China’s impunity remains the most serious result of the current failed policy. The administration in 2014 indicted a small group of Chinese military hackers with little or no prospect of ever prosecuting them. To date, there have been no sanctions imposed for China’s hack on the Office of Personnel Management. Obama was ready to sanction the Chinese government for the OPM attack in September, but backed off after a promise from Chinese leader Xi Jinping to curb government-backed cyber economic espionage—a promise that does not cover the Big Data intelligence gathering that took place in the OPM hack, and which is beginning to affect U.S. intelligence personnel.
Russia too has evaded sanctions for the cyber mapping of U.S. critical infrastructure networks, and for being linked to the first destructive cyber attack against a nation’s major infrastructure, an attack that targeted Ukraine. A sophisticated cyber strike temporarily shut down electrical power for more than 220,000 Ukrainians in December.
Iranian hackers, too, were indicted recently for hacking a waterway control network used to regulate a dam in upstate New York. A few North Korean officials were hit with meaningless sanctions for the Sony Pictures Entertainment hacking, but no real effort was made to punish Pyongyang.
In all these cases no significant cost was imposed, leading many to observe correctly that the current policy is not working.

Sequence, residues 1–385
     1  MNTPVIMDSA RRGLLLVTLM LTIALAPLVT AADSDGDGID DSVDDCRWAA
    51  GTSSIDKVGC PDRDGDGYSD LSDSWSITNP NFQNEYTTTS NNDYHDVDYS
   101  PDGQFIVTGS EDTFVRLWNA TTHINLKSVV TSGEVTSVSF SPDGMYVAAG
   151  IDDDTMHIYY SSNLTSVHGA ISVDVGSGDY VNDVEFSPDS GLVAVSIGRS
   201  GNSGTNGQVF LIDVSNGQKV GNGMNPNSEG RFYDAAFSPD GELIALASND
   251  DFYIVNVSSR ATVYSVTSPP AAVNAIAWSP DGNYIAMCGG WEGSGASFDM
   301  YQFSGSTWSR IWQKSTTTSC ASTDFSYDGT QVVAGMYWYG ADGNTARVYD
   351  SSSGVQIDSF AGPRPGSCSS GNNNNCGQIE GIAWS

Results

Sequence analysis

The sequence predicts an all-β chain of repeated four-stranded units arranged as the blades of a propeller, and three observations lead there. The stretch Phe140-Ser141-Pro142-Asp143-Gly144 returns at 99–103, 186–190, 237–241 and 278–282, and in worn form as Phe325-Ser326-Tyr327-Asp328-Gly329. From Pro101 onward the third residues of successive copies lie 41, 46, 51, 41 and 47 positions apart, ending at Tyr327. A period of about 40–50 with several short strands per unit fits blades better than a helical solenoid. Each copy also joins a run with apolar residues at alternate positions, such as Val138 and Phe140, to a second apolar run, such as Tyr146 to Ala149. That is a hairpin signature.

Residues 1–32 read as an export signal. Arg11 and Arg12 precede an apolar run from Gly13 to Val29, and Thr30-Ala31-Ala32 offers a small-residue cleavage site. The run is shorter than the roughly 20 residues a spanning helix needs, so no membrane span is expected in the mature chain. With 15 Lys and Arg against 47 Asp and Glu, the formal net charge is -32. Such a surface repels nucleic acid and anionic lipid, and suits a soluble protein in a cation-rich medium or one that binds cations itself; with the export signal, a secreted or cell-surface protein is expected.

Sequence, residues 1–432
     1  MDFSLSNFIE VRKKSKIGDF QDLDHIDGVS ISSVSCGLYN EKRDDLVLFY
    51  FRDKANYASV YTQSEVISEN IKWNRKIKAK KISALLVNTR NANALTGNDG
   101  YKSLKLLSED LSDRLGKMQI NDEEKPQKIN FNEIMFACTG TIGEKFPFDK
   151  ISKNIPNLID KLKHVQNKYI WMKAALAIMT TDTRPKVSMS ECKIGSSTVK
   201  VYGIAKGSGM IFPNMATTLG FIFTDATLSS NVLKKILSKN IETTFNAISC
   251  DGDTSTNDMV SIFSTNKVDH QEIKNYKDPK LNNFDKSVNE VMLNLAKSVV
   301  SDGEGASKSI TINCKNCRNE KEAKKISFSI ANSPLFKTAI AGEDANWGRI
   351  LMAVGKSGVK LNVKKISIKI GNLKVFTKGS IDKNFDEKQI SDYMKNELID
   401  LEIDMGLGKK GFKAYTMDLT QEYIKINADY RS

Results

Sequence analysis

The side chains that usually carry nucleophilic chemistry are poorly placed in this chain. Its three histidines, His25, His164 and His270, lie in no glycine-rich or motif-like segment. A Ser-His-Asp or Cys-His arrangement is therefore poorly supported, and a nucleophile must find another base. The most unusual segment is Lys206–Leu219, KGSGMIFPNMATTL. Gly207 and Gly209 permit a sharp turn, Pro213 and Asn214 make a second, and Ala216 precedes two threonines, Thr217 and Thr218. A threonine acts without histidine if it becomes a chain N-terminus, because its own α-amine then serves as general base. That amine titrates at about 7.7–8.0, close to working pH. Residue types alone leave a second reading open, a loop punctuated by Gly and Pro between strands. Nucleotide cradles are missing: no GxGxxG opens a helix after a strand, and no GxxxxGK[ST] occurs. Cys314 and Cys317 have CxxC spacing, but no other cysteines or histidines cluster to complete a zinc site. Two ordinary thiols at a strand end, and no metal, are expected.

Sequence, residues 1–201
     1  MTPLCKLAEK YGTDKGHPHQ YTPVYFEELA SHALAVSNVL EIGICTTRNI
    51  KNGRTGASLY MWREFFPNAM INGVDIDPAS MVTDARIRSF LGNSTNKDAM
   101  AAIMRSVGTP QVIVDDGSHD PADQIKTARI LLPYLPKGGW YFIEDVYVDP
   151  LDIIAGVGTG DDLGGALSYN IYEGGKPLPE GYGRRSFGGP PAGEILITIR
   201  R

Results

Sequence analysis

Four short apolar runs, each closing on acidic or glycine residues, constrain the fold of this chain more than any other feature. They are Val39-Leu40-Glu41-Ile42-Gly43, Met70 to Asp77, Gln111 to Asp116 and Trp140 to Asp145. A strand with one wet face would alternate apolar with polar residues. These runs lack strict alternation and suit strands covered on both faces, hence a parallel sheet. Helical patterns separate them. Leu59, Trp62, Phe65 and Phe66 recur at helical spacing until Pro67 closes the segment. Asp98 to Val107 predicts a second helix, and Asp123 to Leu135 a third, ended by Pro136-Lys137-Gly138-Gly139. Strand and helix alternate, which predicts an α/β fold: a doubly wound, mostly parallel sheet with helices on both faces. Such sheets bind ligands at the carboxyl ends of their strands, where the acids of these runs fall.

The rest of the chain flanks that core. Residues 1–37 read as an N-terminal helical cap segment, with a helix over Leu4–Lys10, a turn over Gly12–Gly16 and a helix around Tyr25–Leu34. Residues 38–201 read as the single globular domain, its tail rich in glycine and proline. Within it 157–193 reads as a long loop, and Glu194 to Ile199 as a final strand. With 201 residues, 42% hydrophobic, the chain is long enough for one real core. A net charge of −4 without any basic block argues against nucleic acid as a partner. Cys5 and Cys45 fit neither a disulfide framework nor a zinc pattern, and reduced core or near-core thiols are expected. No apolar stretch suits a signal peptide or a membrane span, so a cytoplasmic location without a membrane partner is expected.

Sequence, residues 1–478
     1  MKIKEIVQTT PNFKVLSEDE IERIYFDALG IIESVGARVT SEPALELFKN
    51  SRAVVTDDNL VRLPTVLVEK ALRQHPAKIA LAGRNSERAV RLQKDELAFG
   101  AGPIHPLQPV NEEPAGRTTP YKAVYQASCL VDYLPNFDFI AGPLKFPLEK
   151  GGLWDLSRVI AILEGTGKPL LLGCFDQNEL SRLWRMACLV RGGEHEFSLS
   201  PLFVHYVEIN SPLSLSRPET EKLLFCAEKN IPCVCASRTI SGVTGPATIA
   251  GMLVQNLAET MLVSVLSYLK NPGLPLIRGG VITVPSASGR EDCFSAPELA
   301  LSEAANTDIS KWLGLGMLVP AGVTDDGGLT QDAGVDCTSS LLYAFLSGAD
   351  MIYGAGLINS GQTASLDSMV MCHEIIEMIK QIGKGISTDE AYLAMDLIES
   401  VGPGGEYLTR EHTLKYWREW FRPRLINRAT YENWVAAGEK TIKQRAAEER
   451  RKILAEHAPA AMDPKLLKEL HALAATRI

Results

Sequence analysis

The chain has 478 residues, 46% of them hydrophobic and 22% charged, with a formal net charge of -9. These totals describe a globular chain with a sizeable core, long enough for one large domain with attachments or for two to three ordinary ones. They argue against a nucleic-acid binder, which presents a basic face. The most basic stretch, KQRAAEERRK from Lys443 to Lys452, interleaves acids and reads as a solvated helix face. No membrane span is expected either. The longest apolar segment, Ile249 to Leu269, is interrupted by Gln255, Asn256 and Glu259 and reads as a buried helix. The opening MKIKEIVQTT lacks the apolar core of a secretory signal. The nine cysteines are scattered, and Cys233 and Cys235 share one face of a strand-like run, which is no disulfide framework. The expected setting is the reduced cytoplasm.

A recent Pentagon report to Congress on cyber deterrence includes the phrase “deterrence by denial,” defined as efforts “to persuade adversaries that the United States can thwart malicious cyber activity, thereby reducing the incentive to conduct such activities.” It does not explain how thwarting attacks reduces the incentive to conduct further attacks.
In reality foreign government hackers are extremely sophisticated and conduct attacks relentlessly and through multiple channels and methods. Stopping one type of attack often drives innovative hackers to find new vulnerabilities and methods of attack.
The idea of deterring future attacks by denying current ones is like saying “we stopped your attack so don’t try it again.” The Pentagon report also says the United States seeks cyber “deterrence through cost imposition”—another questionable assertion as there has been no cost imposition on China despite at least two decades of large-scale cyber attacks.
Senate Armed Services Committee Chairman John McCain (R., Ariz.) dismissed the current cyber deterrence strategy report as weak and lacking detail. “It mostly reiterates steps taken and pronouncements made over the past few years, all of which we know have failed to deter our adversaries or decrease the vulnerability of our nation in cyber space,” he said.